Is Sharing Classified Information Treason? Trump Reportedly Revealed Intel To Russia
The Washington Post dropped a bombshell of a story on Monday, reporting that President Trump revealed highly classified intelligence with Russian diplomats during a recent White House meeting — information that, according to the Post, America's allies don't even have access to. Deputy National Security Adviser Dina Powell said that the story is "false," but nevertheless, the allegation is a huge, huge deal. Sharing classified information can be treasonous in certain circumstances — but this almost certainly isn't one of those circumstances.
Trump probably isn't guilty of treason, at least not in this instance, for a couple of reasons. For one, the president has very broad authority to declassify information relating to national security, legal experts told NBC News during a different Trump controversy in May. Moreover, "treason" is a very specific crime with a very narrow definition. According to U.S. law, "Whoever, owing allegiance to the United States, levies war against them or adheres to their enemies, giving them aid and comfort within the United States or elsewhere, is guilty of treason."
The precise nature of what Trump allegedly told the Russians is still unclear, but according to the Post, he disclosed intelligence information about a plot by the Islamic State, and in doing so, might have compromised a vital U.S. source of intelligence on the group. Although this is an extremely, extremely serious allegation, it wouldn't seem to constitute giving "aid and comfort" to America's enemies, or adhering to them. It certainly falls short of waging war on the United States.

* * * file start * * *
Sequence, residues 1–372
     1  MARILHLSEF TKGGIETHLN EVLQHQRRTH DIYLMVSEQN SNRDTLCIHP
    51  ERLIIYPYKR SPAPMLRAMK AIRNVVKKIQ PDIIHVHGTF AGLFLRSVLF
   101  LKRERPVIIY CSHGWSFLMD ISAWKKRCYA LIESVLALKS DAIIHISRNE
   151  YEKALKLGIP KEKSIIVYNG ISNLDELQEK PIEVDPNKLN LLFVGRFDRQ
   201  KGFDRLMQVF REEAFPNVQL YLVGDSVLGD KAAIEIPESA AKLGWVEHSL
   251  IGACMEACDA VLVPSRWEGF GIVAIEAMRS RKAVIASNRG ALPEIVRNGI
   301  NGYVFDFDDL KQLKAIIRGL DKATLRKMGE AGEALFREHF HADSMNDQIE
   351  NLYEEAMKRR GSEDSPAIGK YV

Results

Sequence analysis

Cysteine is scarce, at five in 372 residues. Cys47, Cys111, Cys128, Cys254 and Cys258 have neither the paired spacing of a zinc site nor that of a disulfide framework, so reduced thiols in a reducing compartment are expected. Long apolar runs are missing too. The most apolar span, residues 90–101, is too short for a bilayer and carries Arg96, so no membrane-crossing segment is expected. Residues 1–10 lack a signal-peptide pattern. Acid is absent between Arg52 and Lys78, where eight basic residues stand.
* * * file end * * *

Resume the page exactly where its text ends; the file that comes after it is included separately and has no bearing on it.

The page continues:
Of course, something doesn't have to be actual treason in order to be appallingly irresponsible. Although there's still a lot that we don't know about this, it's entirely possible that Trump has jeopardized America's access to a vital source of intelligence about terrorist threats. That's what the Post and BuzzFeed both alleged in their reporting — and one source told BuzzFeed that what actually happened in that meeting is "far worse than what has already been reported" in the Post. If this is true, it would suggest that Trump is taking a inexcusably cavalier attitude toward American security.
Having said that, we shouldn't jump to any conclusions just yet, because there's still a ton that we don't know about what happened between Trump, Lavrov and Kislyak. The Post reporters wrote that, although they had obtained more details about the terror plot in question, they weren't publishing them out of caution. The devil is in the details, and we simply don't have enough of them yet to determine the severity of what Trump reportedly did.